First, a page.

All About the Benjamins

Cuba's musicians are anxious to cash in on the overseas market. But in the process they could sell out their sound.

Whenever pressed, artists and agents cleave to what sounds like the new (dance) party line. The state, they claim, has switched roles from Big Brother to Jerry Maguire, now serving simply as an agent promoting artists. One representative from Clave Cubana sums up the argument succinctly: “It's exactly the same here as in the United States.” Nevertheless the president of Cubadiscos, Ciro Benemelis, insists the new approach to the music industry is “not so much a departure [from socialist] ideology as it is a difference in opportunities. We cannot deny,” he says, “that the arts are received in a market context.”

A stout man in his fifties, Benemelis does his best to push his nation's music in the world market. He has just finished touting the value of Cubadiscos on a Cuban radio show, repeating his mantra: “The Cubadiscos Awards raise the standard of recording in our nation.” Now he sits in a small white cubicle tucked away at the back of the hall, fielding foreign journalists. “Cuba is the island of music, but not yet the island of recording music,” he sighs. “The explosion of Cuban music was bigger than we were prepared for.”

Yet Grammy Awards for Los Van Van and affiliates of the Buena Vista Social Club notwithstanding, international hits have eluded island artists. Cold-war politics restrict promotion and distribution of Cuban acts by Latin music labels and keep the Latin-music divisions of major labels off Cuban product altogether. Spanish-language radio in the United States remains largely under the control of Cuban exiles, most prominently Raul Alarcon, head of the Miami-based Spanish Broadcasting System, which holds stations in eight of the ten major Latino markets in this nation. Radio airplay makes and breaks stars, a fact that keeps the major record labels cautious about promoting Cuba-based acts for fear of provoking the silent treatment for all their artists.

Priced in pesos, cassettes fly off the shelves at Cubadiscos
Celeste Fraser Delgado
Priced in pesos, cassettes fly off the shelves at Cubadiscos
Los Van Van's Juan Formell enjoys frogs and fortune in Havana
Celeste Fraser Delgado
Los Van Van's Juan Formell enjoys frogs and fortune in Havana

Pop idols Issac Delgado and Paulito FG claim they languished for lack of promotion and distribution while under contract with RMM Records, the New York-based label of Ralph Mercado, who helped launch salsa back in the 1970s with the legendary Fania Records. In the past year, each artist has returned to Cuban studios to produce his own project with his own money. Benemelis contends that even Los Van Van's Grammy-winning album is not widely available in the United States and not available at all in Europe. “Formell doesn't just want money,” the Cubadiscos president points out, “he wants to be distributed.” (Caliente Records says it will distribute Los Van Van in Europe by the end of this year. RMM Records did not return phone calls asking for comment; the label also lost a number of U.S. stars, including Marc Anthony and Celia Cruz, suggesting that anti-Castro politics may be the least of RMM's worries.)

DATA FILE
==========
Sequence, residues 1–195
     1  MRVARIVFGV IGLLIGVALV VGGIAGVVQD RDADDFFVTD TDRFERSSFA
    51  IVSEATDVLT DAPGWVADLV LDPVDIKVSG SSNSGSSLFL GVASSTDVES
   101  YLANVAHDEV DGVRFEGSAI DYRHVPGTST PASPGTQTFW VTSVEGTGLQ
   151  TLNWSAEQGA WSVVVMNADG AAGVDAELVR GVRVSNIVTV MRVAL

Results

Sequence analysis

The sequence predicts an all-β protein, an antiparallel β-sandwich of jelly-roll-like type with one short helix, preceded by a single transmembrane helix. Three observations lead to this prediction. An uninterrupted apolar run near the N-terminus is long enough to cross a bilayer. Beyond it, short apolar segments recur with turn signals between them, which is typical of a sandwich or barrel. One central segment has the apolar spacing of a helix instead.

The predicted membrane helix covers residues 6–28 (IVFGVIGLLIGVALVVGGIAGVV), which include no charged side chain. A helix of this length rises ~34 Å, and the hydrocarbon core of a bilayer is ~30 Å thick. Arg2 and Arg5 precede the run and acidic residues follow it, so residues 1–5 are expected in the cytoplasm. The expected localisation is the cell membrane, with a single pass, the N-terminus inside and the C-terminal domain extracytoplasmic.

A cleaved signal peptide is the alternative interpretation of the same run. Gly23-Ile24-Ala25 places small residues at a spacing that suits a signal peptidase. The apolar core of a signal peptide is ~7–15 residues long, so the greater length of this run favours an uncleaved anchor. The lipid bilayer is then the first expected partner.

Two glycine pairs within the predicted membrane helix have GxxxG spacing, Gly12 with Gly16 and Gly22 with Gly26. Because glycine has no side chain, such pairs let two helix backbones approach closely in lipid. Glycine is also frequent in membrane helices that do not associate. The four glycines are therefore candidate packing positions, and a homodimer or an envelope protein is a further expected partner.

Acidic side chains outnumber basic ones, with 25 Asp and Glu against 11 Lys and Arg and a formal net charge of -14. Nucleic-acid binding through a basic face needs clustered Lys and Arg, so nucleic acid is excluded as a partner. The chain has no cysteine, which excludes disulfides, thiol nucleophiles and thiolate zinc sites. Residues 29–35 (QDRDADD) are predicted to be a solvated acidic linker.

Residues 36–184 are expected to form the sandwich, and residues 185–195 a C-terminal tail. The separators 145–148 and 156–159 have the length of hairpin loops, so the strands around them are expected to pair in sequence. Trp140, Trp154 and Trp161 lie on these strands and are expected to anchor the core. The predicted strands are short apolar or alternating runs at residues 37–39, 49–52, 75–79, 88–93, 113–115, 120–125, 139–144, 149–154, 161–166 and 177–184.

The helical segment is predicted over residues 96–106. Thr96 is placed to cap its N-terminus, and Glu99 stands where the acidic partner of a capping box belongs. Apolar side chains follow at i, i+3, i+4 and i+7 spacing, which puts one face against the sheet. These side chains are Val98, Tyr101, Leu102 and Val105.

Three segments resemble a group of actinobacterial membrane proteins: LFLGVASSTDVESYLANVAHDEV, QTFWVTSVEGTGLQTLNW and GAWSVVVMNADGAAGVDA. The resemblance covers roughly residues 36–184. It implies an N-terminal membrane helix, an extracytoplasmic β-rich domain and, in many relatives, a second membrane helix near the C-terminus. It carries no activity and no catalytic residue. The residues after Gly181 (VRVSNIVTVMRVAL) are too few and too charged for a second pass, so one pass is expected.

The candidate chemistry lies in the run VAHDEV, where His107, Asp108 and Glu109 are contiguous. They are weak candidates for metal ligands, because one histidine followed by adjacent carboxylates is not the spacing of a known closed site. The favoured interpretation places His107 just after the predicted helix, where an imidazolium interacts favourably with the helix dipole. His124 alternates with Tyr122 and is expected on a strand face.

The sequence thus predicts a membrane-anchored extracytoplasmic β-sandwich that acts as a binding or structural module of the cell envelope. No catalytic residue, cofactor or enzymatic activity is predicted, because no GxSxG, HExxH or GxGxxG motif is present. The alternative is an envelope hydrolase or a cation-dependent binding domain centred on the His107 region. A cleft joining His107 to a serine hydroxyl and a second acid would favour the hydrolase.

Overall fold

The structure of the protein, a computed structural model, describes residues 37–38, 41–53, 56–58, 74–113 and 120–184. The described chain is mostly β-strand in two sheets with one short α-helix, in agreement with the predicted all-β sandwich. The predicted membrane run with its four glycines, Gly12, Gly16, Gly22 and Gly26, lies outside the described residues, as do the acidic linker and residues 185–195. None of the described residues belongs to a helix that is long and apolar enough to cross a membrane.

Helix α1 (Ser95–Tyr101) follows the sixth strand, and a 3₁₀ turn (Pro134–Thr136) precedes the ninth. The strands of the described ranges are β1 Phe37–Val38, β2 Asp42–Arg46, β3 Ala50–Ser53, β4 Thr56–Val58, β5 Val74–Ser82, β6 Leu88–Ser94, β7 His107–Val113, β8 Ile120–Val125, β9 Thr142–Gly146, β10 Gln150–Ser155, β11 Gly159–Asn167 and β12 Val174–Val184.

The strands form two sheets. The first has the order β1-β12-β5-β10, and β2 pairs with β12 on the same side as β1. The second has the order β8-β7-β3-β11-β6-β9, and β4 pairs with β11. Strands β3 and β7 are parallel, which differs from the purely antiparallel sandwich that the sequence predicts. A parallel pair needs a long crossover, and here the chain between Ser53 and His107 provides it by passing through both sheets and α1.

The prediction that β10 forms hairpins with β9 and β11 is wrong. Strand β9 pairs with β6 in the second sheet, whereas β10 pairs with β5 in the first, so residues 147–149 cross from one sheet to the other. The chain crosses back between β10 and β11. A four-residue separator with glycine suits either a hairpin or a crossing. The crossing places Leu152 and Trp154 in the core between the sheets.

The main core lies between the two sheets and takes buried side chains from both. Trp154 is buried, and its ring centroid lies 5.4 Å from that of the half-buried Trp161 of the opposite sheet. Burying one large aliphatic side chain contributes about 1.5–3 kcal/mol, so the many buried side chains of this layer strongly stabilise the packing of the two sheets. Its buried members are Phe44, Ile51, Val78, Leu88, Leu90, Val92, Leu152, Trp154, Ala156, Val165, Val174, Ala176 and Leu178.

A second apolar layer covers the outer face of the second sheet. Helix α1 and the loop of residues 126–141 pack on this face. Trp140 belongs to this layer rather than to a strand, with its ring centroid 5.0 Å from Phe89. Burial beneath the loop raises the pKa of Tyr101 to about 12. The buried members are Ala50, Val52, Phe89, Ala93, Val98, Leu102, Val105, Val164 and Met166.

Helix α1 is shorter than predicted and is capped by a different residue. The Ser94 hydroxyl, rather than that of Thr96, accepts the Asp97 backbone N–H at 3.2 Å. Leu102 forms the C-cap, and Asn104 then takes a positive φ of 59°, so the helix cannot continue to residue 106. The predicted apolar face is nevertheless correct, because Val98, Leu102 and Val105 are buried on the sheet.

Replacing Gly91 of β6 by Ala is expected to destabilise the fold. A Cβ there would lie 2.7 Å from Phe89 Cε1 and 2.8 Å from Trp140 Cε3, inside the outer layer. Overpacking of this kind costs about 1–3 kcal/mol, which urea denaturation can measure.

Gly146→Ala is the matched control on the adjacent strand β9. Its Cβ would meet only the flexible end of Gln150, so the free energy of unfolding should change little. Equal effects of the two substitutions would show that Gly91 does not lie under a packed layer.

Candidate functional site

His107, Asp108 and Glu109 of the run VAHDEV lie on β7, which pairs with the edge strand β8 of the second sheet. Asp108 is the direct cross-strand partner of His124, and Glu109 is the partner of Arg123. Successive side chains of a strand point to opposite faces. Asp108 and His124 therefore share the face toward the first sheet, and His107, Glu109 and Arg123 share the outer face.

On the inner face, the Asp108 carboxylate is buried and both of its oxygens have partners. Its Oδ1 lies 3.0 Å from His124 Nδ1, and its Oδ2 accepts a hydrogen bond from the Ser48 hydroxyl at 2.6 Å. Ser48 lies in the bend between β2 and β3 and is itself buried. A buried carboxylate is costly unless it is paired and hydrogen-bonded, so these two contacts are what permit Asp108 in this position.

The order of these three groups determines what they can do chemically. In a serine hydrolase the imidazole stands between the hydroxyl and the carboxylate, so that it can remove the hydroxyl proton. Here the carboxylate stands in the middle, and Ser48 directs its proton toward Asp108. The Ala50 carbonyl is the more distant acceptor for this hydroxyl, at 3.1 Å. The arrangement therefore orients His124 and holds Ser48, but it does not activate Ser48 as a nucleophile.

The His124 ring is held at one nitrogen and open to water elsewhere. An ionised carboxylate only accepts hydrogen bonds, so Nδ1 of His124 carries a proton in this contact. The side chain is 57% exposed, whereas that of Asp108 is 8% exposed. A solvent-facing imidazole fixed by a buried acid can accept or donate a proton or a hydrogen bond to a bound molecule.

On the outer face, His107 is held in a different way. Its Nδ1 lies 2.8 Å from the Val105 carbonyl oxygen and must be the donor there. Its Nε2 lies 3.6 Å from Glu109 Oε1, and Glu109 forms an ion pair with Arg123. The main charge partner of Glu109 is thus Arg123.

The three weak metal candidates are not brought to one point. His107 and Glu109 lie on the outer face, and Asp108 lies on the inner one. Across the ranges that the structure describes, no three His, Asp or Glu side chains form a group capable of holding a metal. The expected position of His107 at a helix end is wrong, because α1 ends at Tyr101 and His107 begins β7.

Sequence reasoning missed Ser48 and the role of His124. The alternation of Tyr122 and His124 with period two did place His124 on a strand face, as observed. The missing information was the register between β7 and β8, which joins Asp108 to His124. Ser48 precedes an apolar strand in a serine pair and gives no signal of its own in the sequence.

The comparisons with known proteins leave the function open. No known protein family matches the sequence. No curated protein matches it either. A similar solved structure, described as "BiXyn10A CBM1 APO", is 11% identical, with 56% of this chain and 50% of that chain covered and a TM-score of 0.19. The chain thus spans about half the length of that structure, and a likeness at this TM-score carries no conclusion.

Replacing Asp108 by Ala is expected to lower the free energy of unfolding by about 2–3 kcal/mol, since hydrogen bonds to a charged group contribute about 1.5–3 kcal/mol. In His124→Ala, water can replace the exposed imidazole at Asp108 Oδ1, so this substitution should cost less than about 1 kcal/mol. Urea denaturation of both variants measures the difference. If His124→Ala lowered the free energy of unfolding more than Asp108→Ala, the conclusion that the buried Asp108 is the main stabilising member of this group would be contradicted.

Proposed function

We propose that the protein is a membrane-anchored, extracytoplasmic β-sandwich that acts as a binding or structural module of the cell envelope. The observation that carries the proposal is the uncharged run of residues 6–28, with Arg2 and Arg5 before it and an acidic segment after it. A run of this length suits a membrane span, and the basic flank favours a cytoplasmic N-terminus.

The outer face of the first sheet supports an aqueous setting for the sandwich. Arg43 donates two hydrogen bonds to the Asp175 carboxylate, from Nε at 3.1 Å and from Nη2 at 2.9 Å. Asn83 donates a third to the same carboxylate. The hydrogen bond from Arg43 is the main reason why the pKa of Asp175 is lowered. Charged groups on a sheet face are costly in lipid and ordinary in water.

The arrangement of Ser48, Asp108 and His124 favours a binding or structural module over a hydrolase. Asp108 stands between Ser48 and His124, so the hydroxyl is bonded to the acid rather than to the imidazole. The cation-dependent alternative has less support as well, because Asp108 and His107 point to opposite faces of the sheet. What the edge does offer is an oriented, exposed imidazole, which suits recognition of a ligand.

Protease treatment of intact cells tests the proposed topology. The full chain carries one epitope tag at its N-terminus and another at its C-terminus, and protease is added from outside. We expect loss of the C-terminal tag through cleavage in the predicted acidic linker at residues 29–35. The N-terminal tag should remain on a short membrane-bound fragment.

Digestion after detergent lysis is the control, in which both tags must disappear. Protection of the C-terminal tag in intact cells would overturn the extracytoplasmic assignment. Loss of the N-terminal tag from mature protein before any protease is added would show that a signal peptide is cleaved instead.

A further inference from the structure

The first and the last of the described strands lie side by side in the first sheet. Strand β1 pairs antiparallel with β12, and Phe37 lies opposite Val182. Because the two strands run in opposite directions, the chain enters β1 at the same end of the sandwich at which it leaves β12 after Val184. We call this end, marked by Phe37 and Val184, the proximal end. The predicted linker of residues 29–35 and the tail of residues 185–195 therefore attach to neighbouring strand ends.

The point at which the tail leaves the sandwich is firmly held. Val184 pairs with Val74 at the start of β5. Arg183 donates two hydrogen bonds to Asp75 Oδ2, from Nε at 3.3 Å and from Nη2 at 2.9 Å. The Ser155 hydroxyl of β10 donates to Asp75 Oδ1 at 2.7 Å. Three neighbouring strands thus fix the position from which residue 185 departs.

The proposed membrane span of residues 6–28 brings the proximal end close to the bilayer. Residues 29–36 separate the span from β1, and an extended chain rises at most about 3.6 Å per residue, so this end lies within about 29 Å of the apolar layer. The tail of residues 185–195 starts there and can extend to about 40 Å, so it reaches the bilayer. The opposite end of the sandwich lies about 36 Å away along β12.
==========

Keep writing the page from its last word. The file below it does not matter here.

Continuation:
However troubling it may be to rely on foreigners, Cuba-based labels simply do not have the money to get in the game, concedes the industry's biggest booster. “There is not adequate promotion,” says Benemelis. “There are not sufficient resources.” To solve the problem, the Cubadiscos president joined Alicia Perea, president of the Cuban Institute for Music, in forming the Cuban National Recording Group. “The group,” he says “will try to teach the musicians, their managers, and their representatives about promotion and marketing.”

With the Cubadiscos fair now in its fourth year, the first flush of certainty that contemporary Cuban dance music had only to leave the island to conquer the world has faded. Deep in his cups at a musical showcase, the director of one of the major booking agencies remarks bitterly on the place of Cuban dance music in a salsa-and-merengue world. “[The musicians] want to impose [on the world] a new genre called timba,” he complains. “The very graduates from the art schools. But the international market calls the tune, not the musicians.”

Far from the mad crowd at Pabexpo, Issac Delgado is in the recording studio, searching for the alchemy that will turn timba into gold. “For the two weeks we're recording, this is where I live,” he says, indicating with a sweep of his arm the two-year-old Abdala Studios in Miramar. A joint investment by the Cuban government and troubadour Silvio Rodriguez, the six million dollars sunk into the state-of-the-art facility is justified by the studio's motto: “A recording is forever.”

In the snack bar, Buena Vista Social Club's 92-year-old Compay Segundo sits surrounded by seven spellbound listeners. Delgado, who has just parked his green Nissan SUV on the street out front, brushes past, dressed for work in white linen pants, T-shirt, and Nikes. “We're working without a record label,” Delgado explains, “because we weren't being promoted in the United States by RMM. They didn't do any promotion because of pressure there. I think Miami is its own country inside the United States. They determine a lot over there, the Latin people who live in Miami.”

Two years ago Delgado was the first Cuban national to play a regular club date in Miami-Dade County, but he does not plan to return any time soon. “I'll go back when they invite me,” he laughs. “I don't think that anyone wants us to go there right now.”

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